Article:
Amoeblog

Essential Records: The Pharcyde's 'Bizarre Ride II'

Posted by Billyjam, November 17, 2014 02:23pm | Post a Comment

The Pharcyde

Each person has their own personal way to judge and rate the music they love. For me the criteria for rating an LP an "Essential Record" includes two key qualities: first, it's an all killer, no filler album (no temptation to ever skip over any track); and secondly, it is such a quality release that it doesn't age one bit over time (the timeless factor). Sometimes an Essential Record gets even better over the years. Such is the case with The Pharcyde's remarkable 1992 debut album, Bizarre Ride II (Delicious Vinyl), which sounds even more amazing today than it did when I first heard it 22 years ago. I say this after playing the 57 minute record from start to finish twice in a row today, having not listened to it in a few years. Damn, that J-Swift-produced album is so incredibly good! It's packed with soul, passion, and richly varied but cohesive beats and flows - from jazzy to old school to next generation - with varying BPMs. But, most notably, the album was totally unlike anything else at the time.

In late 1992, the SoCal-based Delicious Vinyl record label released Bizarre Ride II within just a few weeks oThe Pharcyde Ya Mamaf fellow LA based hip-hop artist Dr. Dre's G-Funk classic, The Chronic. While the two landmark hip-hop releases may have been linked by timeline and geography, they could not have been further apart in sound and style. Even Bizarre Ride's wild, fun, cartoonish cover art set it apart as a record that did not take itself too seriously. The album effuses a feeling of nonstop fun all the way through, as proven by the numerous impromptu-sounding hilarious studio bits that were mixed in or left in the final recording, like at the end of "Ya Mama" where they are just riffing off of each other. Unique, too, is how many of the "skits" on Bizarre Ride sound like songs, such as the 2:10 long "Quinton's on the Way (Skit)" which is like a Louis Armstrong inspired jazz song that captures the guys having fun in the studio with their different sounding voices and tones perfectly in contrast with each other.

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Frank Nitt Talks About New Solo EP Jewels In My Backpack, Delicious Vinyl, Moving to LA, Frank-n-Dank, & J-Dilla

Posted by Billyjam, June 3, 2010 09:00am | Post a Comment
Frank NItt
The name of Frank Nitt’s just released six-song EP on Delicious Vinyl, Jewels In My Backpack, is more than simply some catchy throwaway title. Rather, it accurately sums up the new recording's sound -- one that melds the smooth glossy production of Terrace Martin (Snoop Dogg, Warren G, Talib Kweli, etc.) with the raw & gritty yet instantly engaging Mid West flow of the longtime Detroit emcee, who is known to most rap fans for his membership in Frank-n-Dank and his longtime affiliation with the late great J-Dilla

"I'm considered a backpack emcee, a grimy, underground emcee, while  Terrace Martin, he does records with Snoop and people like DJ Quik, his is a much bigger, shinier sound," said the artist, who was born Frank Bush. "So Terrace kinda represents the jewels while I represent the backpack -- Jewels In My Backpack."

In fact, that theme of juxtaposing opposite components but somehow making them effectively co-exist in one recording is what Jewels is all about. Hence, the EP song titled "H.A.T.E." is balanced out by another titled "L.O.V.E." "This whole record is all about balance," stresses Frank. "Like, I got a song called "Go Girl" which is about strong empowered women, but I also have a song called "Psychedelic Freaky Girls," which is about, I guess, the opposite of that. So this record is very balanced." It also has a nice Frank Nittbalance of guest contributors, including J. Black, Problem, Bad Lucc, Kurupt, and DJ Quik.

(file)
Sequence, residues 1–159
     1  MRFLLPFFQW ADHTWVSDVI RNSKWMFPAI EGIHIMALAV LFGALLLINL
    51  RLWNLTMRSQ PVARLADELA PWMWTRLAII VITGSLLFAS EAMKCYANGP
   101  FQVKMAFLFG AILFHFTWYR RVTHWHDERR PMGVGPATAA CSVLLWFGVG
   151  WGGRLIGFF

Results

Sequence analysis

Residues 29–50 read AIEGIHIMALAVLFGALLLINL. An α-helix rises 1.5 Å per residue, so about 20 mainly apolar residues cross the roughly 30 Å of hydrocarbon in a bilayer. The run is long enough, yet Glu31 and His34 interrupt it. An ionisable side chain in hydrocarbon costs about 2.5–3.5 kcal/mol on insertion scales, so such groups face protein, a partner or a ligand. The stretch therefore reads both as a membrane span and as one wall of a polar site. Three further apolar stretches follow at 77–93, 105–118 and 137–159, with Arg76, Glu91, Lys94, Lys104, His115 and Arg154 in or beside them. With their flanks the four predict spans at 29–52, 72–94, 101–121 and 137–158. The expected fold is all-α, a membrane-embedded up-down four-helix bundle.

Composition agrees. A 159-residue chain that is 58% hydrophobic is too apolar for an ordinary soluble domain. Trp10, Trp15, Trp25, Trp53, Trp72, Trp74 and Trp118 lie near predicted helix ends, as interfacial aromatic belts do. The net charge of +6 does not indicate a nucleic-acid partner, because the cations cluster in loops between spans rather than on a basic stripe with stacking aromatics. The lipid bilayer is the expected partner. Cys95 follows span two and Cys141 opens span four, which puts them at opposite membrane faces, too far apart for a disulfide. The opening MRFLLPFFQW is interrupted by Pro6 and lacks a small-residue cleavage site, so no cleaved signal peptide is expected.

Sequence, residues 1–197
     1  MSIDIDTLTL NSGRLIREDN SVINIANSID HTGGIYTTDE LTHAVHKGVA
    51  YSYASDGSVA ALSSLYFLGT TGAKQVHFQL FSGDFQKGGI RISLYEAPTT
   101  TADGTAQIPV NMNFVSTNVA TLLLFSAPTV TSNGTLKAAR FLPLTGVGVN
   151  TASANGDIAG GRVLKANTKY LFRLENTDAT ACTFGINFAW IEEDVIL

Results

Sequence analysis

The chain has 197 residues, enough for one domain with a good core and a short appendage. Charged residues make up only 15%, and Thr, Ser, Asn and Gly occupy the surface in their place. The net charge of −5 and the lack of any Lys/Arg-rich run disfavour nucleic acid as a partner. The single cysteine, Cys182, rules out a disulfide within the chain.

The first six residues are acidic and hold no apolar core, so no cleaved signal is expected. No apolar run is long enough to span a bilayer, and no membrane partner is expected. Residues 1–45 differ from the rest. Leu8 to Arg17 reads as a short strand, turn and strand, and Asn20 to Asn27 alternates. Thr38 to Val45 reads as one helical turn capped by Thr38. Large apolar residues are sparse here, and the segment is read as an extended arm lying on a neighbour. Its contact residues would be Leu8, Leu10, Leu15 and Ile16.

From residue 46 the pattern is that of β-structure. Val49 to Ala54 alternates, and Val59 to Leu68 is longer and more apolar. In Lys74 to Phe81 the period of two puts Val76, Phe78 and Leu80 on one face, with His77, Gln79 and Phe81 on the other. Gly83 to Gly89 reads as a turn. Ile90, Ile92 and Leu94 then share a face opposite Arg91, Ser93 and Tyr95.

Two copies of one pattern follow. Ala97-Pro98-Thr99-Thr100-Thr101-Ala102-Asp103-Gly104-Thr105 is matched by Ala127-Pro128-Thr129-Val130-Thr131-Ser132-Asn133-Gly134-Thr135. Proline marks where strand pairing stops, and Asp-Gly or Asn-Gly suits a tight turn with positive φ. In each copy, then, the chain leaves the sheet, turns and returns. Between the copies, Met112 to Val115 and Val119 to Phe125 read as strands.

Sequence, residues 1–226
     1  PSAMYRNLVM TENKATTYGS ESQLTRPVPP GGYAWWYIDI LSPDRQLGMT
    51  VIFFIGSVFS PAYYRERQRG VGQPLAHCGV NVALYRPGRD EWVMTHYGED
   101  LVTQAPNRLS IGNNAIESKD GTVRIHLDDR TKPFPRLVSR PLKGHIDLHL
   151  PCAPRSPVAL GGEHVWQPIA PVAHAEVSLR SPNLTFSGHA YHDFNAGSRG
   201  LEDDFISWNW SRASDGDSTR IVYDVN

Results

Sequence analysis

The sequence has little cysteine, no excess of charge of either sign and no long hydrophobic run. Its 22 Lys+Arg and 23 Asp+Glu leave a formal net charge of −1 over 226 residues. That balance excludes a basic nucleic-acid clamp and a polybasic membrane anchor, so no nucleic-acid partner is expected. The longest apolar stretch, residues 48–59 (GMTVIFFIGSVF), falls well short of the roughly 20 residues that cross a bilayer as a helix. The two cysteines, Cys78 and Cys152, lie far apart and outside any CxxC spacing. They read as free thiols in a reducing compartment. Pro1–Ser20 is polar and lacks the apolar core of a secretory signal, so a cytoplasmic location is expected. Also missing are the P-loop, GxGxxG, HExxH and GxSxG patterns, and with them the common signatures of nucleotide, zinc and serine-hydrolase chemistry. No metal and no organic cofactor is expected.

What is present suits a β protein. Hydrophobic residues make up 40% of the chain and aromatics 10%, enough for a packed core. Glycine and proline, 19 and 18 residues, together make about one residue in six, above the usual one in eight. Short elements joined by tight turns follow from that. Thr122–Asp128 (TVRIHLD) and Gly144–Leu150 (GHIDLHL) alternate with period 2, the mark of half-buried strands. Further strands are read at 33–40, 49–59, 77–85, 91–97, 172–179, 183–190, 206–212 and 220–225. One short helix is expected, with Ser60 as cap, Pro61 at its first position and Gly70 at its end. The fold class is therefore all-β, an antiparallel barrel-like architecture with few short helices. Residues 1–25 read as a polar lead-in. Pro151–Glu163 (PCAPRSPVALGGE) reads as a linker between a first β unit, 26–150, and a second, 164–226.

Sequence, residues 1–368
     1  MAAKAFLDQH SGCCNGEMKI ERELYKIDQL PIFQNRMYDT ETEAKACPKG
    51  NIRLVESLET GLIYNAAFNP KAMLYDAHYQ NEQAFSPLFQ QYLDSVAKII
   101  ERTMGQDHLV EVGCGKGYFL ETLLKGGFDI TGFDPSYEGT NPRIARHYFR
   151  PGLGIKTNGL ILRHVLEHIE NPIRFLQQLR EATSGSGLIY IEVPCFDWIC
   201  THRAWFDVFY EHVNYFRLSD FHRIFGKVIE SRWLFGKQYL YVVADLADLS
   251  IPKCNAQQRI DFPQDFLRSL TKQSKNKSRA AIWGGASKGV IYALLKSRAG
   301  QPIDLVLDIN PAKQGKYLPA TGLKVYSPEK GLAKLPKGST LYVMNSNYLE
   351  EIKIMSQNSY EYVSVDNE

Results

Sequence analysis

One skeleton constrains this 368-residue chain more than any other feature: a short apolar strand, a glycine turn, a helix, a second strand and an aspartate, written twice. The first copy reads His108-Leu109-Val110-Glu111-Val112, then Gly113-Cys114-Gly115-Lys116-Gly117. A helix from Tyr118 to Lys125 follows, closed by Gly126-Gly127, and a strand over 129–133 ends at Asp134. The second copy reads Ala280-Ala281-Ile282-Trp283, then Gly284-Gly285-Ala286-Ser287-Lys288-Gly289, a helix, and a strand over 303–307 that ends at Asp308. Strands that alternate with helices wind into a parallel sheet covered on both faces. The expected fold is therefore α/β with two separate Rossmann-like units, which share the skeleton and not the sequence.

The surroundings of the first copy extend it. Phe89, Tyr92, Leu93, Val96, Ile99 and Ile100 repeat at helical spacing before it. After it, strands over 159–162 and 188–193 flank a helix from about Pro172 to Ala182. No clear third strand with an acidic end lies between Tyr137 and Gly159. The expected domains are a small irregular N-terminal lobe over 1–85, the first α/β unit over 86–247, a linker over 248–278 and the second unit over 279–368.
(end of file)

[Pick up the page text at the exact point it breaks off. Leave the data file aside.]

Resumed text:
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Beat Swap Meet | Los Angeles

Posted by Smiles Davis, June 11, 2009 10:49pm | Post a Comment
Beat-Swap-Meet: A Record swap meet consisting of over 20 invited vendors & collectors from the LA and surrounding areas vending music genres of a wide array, but more-so focusing on Blues, Funk, Hip-Hop, Jazz, Punk, Reggae, Rock, Soul, and World 12" and 45 Records. An event considered to be the 1st of its kind in the LA area, The Beat Swapmeet hopes to reunify LA in a way that is long overdue. Come through, listen to Beats, Swap records & Meet new people.

Source: beatswapmeet.com

JAMEBLOG TOP TEN: WEEK OF 08:18:08

Posted by Billyjam, August 18, 2008 06:47pm | Post a Comment

Jameoblog Top Ten: 08:18:08

1) Wale - "The Kramer" (10 Deep/elitaste.com)
2) Fatlip - "What Up Fatlip? (Breakbot RMX)" (Delicious Vinyl)
3) NaS "Sly Fox" (Def Jam)
4) KRS-One "Pick It Up" (KOCH)
5) Jean Grae + 9th Wonder - "2-32's"  (Blacksmith)
6) Alltruisms - "Jalopy" (Gravel Records)
7) James Brown - "There Was A Time (Kenny Dope Remix)" (Verve)
8) Paris - "Get Fired Up" (Guerrilla Funk)
9) Girl Talk - "Don't Stop" (Illegal Art)
10) A.G. Cubano feat. The Jacka, San Quinn, & Matt Blaque - "I'm Winnin"  (City RIch/Blackhouse Ent)

On Wale's instantly engaging song "The Kramer," off his recent Nick Catchdubs mixed-Seinfeld themed The Mixtape About Nothing album-length digital download, he jumps head in and addresses the current hip-hop driven cultural use and abuse of the N word and, to a lesser degree, the B word. The Washington DC emcee, whose name is pronounced "Wah-Lay," uses Michael Richards' (aka Kramer on Seinfeld) infamous N word tirade, which he samples at the beginning of the track, as the jumping off point to address society's current use of the N word and its contradicting implications when used by blacks or whites-- specifically the dilemma of white diehard rap fans continually hearing the N word in their favorite music.

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